I spoke to the latest oncologist assigned to mollify me yesterday about life expectancy now that the stage 4 lung cancer has entered my brain. We talked about further radiotherapy — I’ve just had a round that went by swimmingly until the last day and then threw me into a personal apocalypse for over a week — a return to chemotherapy and the new third generation targeted therapy drug I’ve just started. She knew I’d read the literature on the latter and it’ll keep me going, on average, around 10 months before the other options are all that’s left. But maybe I’ll be lucky and get another year or two. She told me about clinical trials and the rapid rate of change in drug availability. But we both knew I understood precisely what ‘terminal’ meant: around a year and a half +/- whatever bonus I might get.
Out of curiosity I asked her why she chose to specialise in oncology. It is, after all, a field in which almost all patients die, and despite the glowing headlines cancer research isn’t delivering much more than the occasional few extra days of life for patients with the 200-odd complex diseases we so flippantly brush together and label the singular ‘cancerter’. Not a happy scenario at all.
Unlike almost every other oncologist I’ve spoken to — around 10 in a system that assigns doctors randomly for each patient visit — she admitted that she could do nothing for patients except give them drugs and talk to them. The talking, she said, was the most important part, and what attracted her to the field. People need to communicate their greatest fears, their hopes forlorn or otherwise and be told first that someone is there for them and then what they might not have relished they could still do.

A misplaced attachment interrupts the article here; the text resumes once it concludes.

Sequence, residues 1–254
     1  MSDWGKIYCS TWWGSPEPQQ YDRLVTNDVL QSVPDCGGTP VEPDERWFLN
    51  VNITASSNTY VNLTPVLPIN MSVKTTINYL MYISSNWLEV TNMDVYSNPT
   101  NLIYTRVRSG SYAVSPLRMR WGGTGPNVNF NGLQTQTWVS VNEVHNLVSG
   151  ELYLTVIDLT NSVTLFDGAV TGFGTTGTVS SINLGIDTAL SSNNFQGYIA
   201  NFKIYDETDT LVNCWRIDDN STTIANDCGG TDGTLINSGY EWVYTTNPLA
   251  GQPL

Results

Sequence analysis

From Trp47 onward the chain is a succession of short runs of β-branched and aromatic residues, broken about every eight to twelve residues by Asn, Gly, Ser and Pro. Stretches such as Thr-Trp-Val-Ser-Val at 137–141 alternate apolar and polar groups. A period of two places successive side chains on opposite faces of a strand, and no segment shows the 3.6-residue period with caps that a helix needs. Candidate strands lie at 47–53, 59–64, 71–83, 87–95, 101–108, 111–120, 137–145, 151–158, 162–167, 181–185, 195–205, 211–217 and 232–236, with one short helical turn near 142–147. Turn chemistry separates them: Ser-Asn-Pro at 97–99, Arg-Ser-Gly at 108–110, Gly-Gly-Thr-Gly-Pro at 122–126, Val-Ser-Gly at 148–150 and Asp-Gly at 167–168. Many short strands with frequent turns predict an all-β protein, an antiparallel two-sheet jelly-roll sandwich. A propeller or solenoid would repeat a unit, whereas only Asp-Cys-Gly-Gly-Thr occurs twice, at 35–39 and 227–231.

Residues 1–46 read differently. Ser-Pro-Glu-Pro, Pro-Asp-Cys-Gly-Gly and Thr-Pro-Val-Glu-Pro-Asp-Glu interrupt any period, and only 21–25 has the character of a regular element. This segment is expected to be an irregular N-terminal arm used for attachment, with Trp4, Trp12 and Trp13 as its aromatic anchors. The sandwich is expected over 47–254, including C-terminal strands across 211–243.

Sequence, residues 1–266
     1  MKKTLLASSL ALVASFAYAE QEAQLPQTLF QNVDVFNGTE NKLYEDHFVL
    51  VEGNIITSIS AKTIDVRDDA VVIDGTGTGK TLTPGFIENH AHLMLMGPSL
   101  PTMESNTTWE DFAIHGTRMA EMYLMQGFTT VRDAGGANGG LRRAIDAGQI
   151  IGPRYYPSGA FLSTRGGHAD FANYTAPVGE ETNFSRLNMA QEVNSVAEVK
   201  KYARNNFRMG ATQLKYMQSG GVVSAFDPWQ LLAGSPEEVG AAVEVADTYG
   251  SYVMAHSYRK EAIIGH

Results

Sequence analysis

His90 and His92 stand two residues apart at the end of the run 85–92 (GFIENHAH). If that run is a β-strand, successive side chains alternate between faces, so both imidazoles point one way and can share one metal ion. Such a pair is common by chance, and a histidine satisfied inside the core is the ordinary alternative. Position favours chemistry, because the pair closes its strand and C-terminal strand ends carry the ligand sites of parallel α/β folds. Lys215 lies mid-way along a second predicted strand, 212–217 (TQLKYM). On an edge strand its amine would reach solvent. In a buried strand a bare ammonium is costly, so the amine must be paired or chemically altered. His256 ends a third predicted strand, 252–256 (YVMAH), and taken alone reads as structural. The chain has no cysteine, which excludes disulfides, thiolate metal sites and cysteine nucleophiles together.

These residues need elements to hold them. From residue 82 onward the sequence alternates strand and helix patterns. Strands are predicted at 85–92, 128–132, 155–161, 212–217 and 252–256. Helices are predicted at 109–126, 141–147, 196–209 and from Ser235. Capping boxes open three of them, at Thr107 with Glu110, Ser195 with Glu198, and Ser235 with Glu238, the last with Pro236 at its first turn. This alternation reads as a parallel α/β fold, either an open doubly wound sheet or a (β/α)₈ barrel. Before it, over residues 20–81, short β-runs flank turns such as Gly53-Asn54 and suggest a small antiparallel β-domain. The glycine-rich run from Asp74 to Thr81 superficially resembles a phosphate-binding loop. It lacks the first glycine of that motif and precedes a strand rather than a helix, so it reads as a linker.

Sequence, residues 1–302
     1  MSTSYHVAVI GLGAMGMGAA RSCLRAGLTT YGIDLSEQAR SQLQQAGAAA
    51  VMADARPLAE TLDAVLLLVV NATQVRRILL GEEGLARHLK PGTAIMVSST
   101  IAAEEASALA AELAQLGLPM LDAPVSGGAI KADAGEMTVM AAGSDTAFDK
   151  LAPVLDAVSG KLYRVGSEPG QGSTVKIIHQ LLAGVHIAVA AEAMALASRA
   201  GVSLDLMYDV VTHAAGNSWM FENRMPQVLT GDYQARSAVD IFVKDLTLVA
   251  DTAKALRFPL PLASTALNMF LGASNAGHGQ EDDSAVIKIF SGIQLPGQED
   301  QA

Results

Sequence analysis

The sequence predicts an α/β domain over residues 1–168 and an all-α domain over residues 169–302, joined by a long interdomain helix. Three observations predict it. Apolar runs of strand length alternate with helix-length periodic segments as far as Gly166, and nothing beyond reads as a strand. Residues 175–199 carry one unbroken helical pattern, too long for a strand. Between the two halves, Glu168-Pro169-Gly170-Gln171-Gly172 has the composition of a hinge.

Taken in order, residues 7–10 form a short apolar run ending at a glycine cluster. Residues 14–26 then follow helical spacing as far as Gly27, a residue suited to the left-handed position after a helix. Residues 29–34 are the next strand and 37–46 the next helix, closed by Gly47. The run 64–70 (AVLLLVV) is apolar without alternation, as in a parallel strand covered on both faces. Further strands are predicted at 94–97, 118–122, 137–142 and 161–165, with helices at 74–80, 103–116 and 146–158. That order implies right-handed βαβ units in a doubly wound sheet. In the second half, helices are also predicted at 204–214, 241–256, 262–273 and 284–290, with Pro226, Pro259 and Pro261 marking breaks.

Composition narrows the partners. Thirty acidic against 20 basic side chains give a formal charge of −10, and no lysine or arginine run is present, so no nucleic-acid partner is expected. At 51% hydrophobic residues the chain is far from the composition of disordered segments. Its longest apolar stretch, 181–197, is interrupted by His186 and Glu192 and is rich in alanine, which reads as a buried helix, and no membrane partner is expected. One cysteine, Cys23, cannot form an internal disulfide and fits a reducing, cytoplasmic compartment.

I was so unwell and had already had her explain 18 of my current symptoms that I didn’t ask her name or look for her ID, and she was as masked as I was in these virus plagued days. But it struck me that she was the most personable doctor I had ever spoken to, and there have been very many. I am not eternal and for far more mundane reasons, neither is she. But her belief in the power of communication is. At least I hope so. It’s inspired me to start writing again. Maybe about cancer, but as Dr House once said, “cancer’s boring”. Well, too much of it is. And I’ve only got a short time to write.
Cancer, communication, writing, oncology